Many parents, after getting a diagnosis of autism for their child, panic. They are confused, worried, and looking for direction. And rather than offer encouragement and hope for the future, many autism 'support groups', fueled by hope peddling purveyors of miraculous 'cures', tell these parents that their kids are autistic because of vaccines. That the government, doctors, and 'big pharma', all working together (both here and across the world) have all conspired together to suppress the fact that vaccines cause autism.
How do you counter the passionate beliefs of a number of parents that have bought into such nonsense, after spending thousands of dollars on supplements and possibly dangerous treatments, and who now see some 'improvement' in their children as they grow up and naturally mature?
With other parents.
Parents who have read the increasing number of dull and boring studies that show no linkage between vaccines and autism. Parents who finally say "Enough is enough", and come to see that there's no way the whole world is conspiring to keep them in the dark.
Years of dull, boring (but legitimate) scientific inquiry have not been enough to quiet the voices of the conspiracy mongers. So now the American Academy of Pediatrics (the AAP) is asking for parents to speak up and proclaim the truth. That even though we don't know all the things that cause autism, there is no linkage between vaccines and autism. That those who continue to support that argument are endangering public health. Whether it's measles outbreaks in Great Britain or San Diego, people's lives are being put at risk by the fear mongering that is causing people to reject vaccination.
The following is a letter from the AAP asking for parents to make themselves available for public comment. Please read the letter and consider offering your services. It may save a life.
As part of our ongoing response to media stories regarding autism and
vaccines, the AAP communications department is compiling a list of
parents who support the AAP and are available for interviews. We are
looking for two types of parents who could serve as spokespersons:
Parents of children with autism spectrum disorders who support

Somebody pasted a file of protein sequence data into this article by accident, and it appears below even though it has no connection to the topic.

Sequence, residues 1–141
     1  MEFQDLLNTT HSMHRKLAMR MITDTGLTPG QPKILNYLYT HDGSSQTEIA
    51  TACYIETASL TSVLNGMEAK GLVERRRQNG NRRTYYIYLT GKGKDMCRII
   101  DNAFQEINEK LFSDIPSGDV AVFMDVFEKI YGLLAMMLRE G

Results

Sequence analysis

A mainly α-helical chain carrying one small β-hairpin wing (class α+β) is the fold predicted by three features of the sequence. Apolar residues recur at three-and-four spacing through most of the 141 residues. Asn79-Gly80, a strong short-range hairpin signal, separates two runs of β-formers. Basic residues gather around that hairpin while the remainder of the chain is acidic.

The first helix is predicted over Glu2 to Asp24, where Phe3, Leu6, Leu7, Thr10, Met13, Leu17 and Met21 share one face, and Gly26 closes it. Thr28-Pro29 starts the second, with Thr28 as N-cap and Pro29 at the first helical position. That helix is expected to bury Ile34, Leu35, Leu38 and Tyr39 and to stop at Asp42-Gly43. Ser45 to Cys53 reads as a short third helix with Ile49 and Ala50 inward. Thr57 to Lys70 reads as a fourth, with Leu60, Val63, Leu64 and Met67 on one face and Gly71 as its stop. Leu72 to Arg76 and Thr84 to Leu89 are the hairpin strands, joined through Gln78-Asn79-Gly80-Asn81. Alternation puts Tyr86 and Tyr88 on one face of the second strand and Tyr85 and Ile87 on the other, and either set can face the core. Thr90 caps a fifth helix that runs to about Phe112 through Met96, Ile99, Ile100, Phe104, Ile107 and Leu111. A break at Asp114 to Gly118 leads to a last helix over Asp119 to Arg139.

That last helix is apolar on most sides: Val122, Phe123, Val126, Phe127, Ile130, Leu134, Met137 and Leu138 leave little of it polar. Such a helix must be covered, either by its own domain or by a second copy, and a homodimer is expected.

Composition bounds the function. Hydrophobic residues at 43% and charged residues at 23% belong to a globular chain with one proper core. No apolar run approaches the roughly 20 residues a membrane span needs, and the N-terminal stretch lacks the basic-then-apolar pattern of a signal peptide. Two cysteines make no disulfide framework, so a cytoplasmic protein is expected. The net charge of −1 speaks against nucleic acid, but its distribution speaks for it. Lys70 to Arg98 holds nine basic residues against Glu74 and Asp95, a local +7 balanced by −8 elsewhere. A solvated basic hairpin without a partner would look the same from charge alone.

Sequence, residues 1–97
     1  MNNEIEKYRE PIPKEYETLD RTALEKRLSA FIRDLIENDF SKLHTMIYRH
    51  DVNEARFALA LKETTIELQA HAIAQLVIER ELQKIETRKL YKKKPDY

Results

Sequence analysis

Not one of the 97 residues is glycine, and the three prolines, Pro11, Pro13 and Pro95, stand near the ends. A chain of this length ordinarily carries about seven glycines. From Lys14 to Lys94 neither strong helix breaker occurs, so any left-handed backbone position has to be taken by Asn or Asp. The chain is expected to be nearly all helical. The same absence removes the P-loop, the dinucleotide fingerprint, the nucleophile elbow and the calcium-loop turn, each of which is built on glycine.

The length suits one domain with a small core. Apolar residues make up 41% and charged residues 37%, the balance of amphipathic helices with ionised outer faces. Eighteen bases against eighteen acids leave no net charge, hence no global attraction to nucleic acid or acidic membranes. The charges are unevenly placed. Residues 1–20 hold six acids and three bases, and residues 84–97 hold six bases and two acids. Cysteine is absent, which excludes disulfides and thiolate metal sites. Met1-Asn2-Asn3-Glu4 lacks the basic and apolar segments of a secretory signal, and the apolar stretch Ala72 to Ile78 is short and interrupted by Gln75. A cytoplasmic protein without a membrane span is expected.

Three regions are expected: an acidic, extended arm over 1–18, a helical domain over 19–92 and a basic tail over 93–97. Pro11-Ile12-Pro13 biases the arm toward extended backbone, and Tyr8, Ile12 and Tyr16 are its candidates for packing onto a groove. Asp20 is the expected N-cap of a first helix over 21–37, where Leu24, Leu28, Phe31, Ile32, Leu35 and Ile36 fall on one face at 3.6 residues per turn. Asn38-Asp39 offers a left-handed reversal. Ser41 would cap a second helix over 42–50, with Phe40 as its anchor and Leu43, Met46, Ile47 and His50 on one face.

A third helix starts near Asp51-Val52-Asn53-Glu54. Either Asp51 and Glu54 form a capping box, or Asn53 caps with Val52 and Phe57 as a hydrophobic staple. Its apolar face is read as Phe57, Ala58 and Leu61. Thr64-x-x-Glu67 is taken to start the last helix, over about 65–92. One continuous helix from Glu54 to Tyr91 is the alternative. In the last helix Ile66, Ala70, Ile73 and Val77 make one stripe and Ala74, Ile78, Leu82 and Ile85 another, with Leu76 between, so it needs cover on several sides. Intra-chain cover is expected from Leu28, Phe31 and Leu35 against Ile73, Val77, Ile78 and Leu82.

immunization and who do not believe there is any link between their
child's vaccines and his or her autism.
Parents of children who suffered a vaccine-preventable illness. This
could be a parent who declined immunization, whose child became ill
before a vaccine was available, or whose child was ineligible for
We are asking for your help identifying parents who would be good
spokespersons. They do not need to be expert public speakers. They
just need to be open with their story and interested in speaking out
on the issue. We will contact candidates in advance to conduct
pre-interviews, to offer guidance on talking to reporters and to
obtain a signed waiver giving us permission to release their name.
If a parent were placed on our list, we would offer their name and
contact information to select media. We hope to build a list of
parents from a wide range of geographical areas.
As the Jenny McCarthy and "Eli Stone" stories illustrate, this issue
is likely to recur in the national and local media. The AAP is
committed to doing all we can to counter such erroneous reports with
factual information supported by scientific evidence and AAP
The anti-vaccine groups often have emotional family stories on their
side. The ability to offer a reporter an interview with a similarly
compelling parent who is sympathetic to the AAP's goals is a powerful
tool for our media relations program.
Please contact me if you have any questions or to suggest a parent to interview.
Susan Stevens Martin
Director, Division of Media Relations
American Academy of Pediatrics
Those who wish to make themselves available can contact Susan Stevens Martin directly at
It's time to stop wasting time and money chasing rainbows. It's time for right minded people to stand up and be counted.